Soccer-Subs make the difference as Belgium beat U.S.


By Gideon Long

July 1 (Reuters) - A well-timed substitution can change the course of any soccer match but when the game runs to 120 minutes and is played in the energy-sapping heat of northeast Brazil, substitutes really come into their own.

So it proved in Belgium's 2-1 victory over the United States on Tuesday.

For the first 90 minutes of their World Cup second-round clash, Belgium threw everything they had at the Americans but could not find the back of the net. It ended 0-0 and went to extra time.

Enter striker Romelu Lukaku.

Within three minutes of coming on and with his team mates tiring in the humidity and heat of Salvador, Lukaku burst down the wing on a fresh pair of legs and crossed for Kevin De Bruyne to score.

Twelve minutes later, De Bruyne returned the compliment, setting up Lukaku to fire home Belgium's second.

The United States pulled a goal back and again it was a substitute who made the difference.

Teenager Julian Green came on for Alejandro Bedoya in the 107th minute and scored what proved to be a consolation goal within seconds.

Coincidence? Surely not. Goals from substitutes have been a striking feature of this World Cup and prove that teams consist of far more than the 11 players in their starting line-up.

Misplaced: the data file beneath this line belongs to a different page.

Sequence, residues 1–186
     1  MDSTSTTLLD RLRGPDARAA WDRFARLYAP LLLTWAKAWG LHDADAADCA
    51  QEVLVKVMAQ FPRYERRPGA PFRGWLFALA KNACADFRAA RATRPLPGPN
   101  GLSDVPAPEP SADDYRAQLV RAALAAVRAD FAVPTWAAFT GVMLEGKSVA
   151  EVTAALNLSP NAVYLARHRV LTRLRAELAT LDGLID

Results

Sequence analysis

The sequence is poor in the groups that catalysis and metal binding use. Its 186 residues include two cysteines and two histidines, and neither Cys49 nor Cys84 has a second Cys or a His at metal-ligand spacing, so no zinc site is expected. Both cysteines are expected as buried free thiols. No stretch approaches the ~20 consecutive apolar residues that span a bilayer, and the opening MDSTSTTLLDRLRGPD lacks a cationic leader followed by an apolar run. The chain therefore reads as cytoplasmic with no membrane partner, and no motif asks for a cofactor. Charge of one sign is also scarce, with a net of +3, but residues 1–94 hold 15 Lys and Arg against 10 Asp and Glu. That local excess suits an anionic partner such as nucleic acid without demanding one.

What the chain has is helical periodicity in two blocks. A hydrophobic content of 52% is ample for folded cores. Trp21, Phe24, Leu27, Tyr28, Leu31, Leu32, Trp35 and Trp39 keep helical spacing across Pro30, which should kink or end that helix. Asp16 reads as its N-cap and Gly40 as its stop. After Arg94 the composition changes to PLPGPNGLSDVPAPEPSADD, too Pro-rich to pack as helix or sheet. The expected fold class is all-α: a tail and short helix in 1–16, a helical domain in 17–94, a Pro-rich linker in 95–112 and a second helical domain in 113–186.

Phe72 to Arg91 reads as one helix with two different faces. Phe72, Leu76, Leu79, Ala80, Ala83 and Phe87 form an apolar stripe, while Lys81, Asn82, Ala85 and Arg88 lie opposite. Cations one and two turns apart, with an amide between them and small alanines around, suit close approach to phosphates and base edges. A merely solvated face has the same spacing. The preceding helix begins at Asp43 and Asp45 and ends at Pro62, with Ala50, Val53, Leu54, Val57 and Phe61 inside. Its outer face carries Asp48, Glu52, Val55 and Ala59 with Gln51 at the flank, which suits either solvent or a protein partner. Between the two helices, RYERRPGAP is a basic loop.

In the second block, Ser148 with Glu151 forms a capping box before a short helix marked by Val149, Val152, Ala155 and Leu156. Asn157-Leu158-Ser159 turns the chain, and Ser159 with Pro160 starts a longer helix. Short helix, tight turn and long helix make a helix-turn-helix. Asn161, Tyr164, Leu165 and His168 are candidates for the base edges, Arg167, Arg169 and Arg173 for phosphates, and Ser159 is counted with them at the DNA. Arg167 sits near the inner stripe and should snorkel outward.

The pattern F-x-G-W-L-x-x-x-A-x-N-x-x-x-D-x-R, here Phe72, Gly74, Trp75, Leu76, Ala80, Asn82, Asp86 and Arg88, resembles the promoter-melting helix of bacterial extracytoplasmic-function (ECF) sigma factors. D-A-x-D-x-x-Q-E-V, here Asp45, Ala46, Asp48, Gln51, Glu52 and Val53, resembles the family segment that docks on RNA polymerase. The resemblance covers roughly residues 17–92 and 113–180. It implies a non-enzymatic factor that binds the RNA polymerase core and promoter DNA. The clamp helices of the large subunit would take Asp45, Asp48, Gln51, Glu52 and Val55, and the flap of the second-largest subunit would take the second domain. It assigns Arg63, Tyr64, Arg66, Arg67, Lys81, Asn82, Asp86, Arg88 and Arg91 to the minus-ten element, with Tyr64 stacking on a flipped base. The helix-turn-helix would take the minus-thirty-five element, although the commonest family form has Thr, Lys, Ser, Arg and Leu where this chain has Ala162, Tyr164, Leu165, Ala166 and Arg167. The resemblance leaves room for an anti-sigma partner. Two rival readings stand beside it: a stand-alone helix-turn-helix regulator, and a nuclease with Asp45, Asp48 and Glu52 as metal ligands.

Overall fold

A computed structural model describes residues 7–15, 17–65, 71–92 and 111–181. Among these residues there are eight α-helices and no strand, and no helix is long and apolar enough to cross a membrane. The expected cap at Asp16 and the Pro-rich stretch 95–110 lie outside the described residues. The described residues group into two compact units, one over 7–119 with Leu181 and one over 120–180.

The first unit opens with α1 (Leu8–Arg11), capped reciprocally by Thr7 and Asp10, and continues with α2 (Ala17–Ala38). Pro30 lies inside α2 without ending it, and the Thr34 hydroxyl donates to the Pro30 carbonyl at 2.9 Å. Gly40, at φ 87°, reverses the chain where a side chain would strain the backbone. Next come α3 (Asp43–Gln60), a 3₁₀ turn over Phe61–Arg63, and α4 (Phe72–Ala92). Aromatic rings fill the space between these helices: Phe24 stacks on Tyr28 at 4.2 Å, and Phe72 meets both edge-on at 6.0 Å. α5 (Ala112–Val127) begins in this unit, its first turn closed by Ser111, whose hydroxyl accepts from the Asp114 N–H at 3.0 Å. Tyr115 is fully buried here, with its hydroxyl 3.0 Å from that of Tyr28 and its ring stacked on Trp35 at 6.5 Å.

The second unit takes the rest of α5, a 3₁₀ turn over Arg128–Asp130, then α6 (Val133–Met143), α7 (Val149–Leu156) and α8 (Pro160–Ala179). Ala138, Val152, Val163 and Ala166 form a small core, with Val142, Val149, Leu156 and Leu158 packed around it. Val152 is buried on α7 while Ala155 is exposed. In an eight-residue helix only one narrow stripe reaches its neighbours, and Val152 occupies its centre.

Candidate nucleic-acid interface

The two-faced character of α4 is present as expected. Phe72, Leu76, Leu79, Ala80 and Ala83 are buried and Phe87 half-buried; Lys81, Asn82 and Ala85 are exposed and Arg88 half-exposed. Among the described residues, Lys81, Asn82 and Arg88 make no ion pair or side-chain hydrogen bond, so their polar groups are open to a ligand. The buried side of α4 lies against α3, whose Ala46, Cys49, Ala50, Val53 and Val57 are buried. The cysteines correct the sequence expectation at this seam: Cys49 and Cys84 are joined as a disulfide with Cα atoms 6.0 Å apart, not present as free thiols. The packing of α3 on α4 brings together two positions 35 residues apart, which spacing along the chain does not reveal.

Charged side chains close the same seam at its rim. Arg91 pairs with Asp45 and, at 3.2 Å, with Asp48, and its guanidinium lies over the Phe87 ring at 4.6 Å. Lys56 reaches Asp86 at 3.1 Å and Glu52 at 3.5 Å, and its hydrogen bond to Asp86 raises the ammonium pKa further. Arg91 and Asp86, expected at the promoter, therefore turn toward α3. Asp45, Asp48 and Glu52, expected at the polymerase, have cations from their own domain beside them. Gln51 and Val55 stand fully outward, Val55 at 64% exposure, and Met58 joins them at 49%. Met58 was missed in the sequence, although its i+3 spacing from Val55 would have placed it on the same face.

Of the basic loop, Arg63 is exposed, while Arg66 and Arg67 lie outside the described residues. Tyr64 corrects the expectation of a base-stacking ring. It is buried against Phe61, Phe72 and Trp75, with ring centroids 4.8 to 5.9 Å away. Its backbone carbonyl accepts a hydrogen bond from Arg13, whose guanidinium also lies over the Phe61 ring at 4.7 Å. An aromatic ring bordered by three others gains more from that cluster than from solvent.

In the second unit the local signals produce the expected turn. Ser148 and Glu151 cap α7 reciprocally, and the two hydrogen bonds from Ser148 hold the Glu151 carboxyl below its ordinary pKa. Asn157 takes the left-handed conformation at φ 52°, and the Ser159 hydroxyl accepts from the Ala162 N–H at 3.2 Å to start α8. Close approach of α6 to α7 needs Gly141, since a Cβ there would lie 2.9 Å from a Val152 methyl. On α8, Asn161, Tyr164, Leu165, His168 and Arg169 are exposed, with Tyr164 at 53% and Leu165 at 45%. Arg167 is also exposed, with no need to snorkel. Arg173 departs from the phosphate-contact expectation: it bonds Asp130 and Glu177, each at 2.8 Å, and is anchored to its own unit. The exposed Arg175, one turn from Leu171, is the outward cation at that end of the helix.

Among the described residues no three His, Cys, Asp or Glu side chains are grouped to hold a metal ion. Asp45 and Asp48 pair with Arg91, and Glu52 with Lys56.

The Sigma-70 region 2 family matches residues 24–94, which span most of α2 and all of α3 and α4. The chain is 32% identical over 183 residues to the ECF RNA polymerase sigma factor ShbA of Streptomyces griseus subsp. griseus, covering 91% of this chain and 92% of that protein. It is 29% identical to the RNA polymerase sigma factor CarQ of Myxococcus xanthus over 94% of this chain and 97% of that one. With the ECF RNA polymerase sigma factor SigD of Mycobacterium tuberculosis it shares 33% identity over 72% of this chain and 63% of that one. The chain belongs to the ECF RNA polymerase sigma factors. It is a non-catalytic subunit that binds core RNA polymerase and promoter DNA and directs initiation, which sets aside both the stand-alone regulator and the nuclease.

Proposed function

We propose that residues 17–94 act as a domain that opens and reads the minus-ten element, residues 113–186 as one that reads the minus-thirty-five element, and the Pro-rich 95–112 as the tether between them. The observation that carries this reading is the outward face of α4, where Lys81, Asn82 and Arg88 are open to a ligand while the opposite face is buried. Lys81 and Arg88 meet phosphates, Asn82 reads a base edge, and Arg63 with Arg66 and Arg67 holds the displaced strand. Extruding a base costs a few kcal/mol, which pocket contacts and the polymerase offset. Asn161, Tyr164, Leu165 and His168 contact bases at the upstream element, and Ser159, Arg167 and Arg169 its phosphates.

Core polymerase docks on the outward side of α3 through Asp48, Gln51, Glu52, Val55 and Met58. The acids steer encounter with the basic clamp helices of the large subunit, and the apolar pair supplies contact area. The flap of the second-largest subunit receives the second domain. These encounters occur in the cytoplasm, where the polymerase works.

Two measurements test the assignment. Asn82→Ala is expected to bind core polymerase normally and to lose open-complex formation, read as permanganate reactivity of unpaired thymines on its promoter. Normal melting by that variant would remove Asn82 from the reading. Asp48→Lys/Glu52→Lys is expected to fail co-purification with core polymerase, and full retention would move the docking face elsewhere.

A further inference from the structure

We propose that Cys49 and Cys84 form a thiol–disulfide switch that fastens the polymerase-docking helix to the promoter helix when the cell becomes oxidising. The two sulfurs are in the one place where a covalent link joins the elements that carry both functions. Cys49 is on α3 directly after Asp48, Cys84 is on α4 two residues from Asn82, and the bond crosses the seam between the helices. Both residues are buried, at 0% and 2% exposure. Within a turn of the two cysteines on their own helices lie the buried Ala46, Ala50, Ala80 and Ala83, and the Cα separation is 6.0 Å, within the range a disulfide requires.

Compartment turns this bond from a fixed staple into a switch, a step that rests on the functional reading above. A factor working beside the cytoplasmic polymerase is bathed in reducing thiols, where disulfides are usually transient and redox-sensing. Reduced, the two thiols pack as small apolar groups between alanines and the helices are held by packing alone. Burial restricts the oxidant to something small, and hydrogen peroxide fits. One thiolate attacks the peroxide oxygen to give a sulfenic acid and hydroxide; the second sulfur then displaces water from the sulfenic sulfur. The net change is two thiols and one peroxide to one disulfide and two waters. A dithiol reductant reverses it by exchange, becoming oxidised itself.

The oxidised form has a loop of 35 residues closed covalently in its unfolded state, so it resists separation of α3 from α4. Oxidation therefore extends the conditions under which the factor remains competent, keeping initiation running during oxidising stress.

Of the 154 goals scored in Brazil, 29 have come from substitutes.

From Miroslav Klose's historic strike for Germany against Ghana in the group stage to Klaas-Jan Huntelaar's 94th minute penalty for the Netherlands that knocked out Mexico, goals from substitutes have been crucial.

They have been responsible for 18.83 percent of the goals at this World Cup compared with 10.34 percent at the 2010 World Cup.

Why the increase?

One reason is that coaches tend to introduce substitutes much earlier in a match than previously.

In the past, it was quite common for coaches to wait until the final minutes of a game and then throw on three substitutes, either in a desperate bid to win it or to waste time and hold on to a lead.

These days, coaches increasingly accept that, given the physical demands of the modern game, if you can use 14 players rather than 11 you might as well do so.

Ironically, another substitute could easily have given the United States victory.

In the dying minutes of normal time with the match goalless, second-half substitute Chris Wondolowski had a glorious chance to score but scooped his effort over the crossbar from five metres, allowing the Belgians back into the match.

"I said fresh legs would be important today and that is how it was," Belgium coach Marc Wilmots said. "Now the whole of Belgium can celebrate." (Reporting By Gideon Long)

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